C. patersonii (Common spider orchid)
Calanthe triplicata (Christmas orchid)
Caleana. grandflora
C. major (Flying duck or bee orchid)
Calochilus robertsonii (Bearded orchid)
Dipodium pulchellum
Diuris aurea (Double tail)
D. maculata (Spotted double-tail or leopard orchid)
D. pedunculata (Golden moth)
D. punctata
D. sulphurea
Erthrorchis cassythoides ((formerly Galeola c.) Climbing Orchid)
Geodorum neocaledonicum
Glossodia major (Wax-tip orchid)
Microtis parviflora (Slender onion orchid or babes in the wood)
Oberonia palmicola
Peristeranthus hillii
Plectorrhiza tridentata (Tangle orchid)
Prasophyllum archeri (Variable midge orchid)
Pseudovanilla foliata (formerly Galeola f.)
Pterostylis acurninata (Sharp greenhood)
P. baptistii (King greenhood)
P. concinna
P. curta
P. grandiflora (Superb or cobra greenhood)
P. longifolia
P. nutans (Nodding greenhood or Partos beak orchid)
P. obtusa
P. ophioglossa (Snakes tongue orchid)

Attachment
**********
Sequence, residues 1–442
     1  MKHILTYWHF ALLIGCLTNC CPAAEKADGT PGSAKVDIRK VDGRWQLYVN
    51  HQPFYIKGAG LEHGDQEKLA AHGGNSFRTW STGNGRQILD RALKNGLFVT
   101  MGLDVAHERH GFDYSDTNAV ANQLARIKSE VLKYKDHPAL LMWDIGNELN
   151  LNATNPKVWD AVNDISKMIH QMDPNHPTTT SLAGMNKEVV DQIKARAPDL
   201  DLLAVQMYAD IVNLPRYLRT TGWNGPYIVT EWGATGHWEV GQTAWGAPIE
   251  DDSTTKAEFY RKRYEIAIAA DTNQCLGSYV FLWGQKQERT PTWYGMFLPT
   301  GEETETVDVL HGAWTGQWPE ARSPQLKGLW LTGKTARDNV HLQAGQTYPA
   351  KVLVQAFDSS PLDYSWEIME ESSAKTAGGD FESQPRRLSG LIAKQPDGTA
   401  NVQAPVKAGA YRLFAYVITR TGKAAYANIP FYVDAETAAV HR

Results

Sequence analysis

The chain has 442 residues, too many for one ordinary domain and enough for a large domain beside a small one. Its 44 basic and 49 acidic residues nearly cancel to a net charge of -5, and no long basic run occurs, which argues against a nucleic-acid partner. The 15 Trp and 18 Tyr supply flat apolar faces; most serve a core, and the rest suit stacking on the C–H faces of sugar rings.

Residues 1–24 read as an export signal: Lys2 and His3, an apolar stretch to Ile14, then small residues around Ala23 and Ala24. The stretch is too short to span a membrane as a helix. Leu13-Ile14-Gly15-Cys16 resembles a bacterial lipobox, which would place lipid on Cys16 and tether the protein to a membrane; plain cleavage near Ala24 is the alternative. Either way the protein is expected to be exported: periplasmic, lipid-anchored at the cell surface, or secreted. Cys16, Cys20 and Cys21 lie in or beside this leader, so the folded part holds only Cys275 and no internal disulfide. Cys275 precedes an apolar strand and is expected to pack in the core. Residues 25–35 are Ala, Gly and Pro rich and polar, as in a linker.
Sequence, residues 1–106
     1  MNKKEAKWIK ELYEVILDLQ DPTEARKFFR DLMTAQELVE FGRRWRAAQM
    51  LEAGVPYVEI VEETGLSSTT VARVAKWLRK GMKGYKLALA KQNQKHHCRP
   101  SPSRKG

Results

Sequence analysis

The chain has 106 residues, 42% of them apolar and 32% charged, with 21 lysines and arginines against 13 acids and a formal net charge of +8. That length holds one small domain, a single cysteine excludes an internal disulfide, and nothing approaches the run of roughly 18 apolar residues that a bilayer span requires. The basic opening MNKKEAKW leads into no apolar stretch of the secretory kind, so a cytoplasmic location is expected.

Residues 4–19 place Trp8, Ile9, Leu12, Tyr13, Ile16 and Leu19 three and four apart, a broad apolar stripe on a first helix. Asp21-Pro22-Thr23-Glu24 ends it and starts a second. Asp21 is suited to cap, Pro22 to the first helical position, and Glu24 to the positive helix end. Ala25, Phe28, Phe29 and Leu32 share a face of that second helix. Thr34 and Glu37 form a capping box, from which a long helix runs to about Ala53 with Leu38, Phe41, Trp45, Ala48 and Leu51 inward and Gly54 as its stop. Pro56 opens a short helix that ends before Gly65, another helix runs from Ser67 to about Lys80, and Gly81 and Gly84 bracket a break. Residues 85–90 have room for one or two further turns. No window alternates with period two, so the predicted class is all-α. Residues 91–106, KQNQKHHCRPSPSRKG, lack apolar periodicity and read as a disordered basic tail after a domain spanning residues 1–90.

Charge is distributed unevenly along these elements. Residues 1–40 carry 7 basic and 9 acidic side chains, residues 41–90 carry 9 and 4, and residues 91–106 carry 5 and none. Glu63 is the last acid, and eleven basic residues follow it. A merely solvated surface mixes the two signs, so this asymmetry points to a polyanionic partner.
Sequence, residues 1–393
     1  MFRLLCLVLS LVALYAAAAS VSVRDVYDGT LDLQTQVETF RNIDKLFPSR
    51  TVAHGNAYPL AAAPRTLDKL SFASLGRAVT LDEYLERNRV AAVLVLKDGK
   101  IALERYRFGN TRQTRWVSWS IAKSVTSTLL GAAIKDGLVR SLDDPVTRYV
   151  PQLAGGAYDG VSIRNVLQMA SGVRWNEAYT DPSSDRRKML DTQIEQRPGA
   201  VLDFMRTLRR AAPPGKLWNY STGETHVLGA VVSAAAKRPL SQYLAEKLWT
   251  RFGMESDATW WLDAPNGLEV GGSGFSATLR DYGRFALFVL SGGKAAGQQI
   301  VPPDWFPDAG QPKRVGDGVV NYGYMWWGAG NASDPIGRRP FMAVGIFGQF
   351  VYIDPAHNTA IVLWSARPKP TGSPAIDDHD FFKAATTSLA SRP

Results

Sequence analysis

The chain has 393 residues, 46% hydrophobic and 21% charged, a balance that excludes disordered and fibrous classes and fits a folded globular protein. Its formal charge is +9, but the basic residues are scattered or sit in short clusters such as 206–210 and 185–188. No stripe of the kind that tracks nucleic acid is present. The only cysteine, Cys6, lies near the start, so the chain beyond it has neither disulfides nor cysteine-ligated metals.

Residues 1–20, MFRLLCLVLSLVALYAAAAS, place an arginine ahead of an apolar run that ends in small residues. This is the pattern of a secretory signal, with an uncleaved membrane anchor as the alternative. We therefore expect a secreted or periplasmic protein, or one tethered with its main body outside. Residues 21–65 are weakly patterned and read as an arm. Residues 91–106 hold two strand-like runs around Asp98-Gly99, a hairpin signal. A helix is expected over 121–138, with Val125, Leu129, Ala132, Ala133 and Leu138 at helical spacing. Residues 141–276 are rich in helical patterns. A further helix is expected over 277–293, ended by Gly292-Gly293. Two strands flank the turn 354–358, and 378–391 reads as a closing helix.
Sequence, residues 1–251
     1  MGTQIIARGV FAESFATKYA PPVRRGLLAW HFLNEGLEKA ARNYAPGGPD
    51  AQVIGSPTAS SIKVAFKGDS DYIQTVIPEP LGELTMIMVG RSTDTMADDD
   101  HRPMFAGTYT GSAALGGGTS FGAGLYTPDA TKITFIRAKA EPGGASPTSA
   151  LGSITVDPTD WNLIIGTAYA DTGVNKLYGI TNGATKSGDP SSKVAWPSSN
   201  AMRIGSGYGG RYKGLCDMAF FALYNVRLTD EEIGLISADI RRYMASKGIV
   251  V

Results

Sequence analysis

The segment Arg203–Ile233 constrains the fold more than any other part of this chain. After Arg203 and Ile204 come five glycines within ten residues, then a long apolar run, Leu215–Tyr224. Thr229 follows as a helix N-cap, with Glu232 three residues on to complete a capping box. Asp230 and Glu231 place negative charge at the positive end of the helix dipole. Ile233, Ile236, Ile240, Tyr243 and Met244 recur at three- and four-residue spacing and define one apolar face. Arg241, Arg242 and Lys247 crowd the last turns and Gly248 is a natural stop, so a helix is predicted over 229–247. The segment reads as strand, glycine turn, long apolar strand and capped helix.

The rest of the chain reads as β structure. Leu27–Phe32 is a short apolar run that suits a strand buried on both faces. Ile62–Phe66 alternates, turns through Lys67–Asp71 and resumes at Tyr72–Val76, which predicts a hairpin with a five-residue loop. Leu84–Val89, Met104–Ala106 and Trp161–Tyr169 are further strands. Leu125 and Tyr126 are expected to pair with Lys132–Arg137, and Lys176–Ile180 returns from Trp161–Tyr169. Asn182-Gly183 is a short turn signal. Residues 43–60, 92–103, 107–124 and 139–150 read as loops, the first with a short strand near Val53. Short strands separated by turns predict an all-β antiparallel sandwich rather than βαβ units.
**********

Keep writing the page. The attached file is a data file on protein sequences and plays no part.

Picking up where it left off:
P. reflexa (Horned orchid or dainty greenhood)
Rhinerrhiza divitzfloria
Thelymitra ixiodes (Spotted sun-orchid)

A point of interest

Renowned Australian poet Judith Wright, who was called “the conscience of the nation” for her commitment to Aboriginal Australian land rights and the nation’s natural environment, lived in a house on Tamborine Mountain called Calanthe.

The title came from the Calanthe Triplicata, a rare white orchid that flowers around December / January.

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Tropilis Radiata Orchid

Tropilis Radiata Orchid

What the devil is a Spotted-tailed Quoll?

The Tamborine Mountain Escarpment Protection Precinct offers perfect habitat for the Spotted-tailed Quoll. There have been unconfirmed recordings of the species within the area; a species that once occurred across Tamborine Mountain before the loss of a lot of habitat (Ref. Tamborine Mountain Escarpment Flora and Fauna Report; Chenoweth, 2001).

To record consistent sightings and habits of this elusive animal requires months of dedicated on-site study … just ask the Australian Quoll Conservancy.

Known as … the Spotted-tailed quoll, the Tiger Quoll, the Tiger Cat and the Burrumbil.

Scientific name … Dasyurus maculatus maculatus.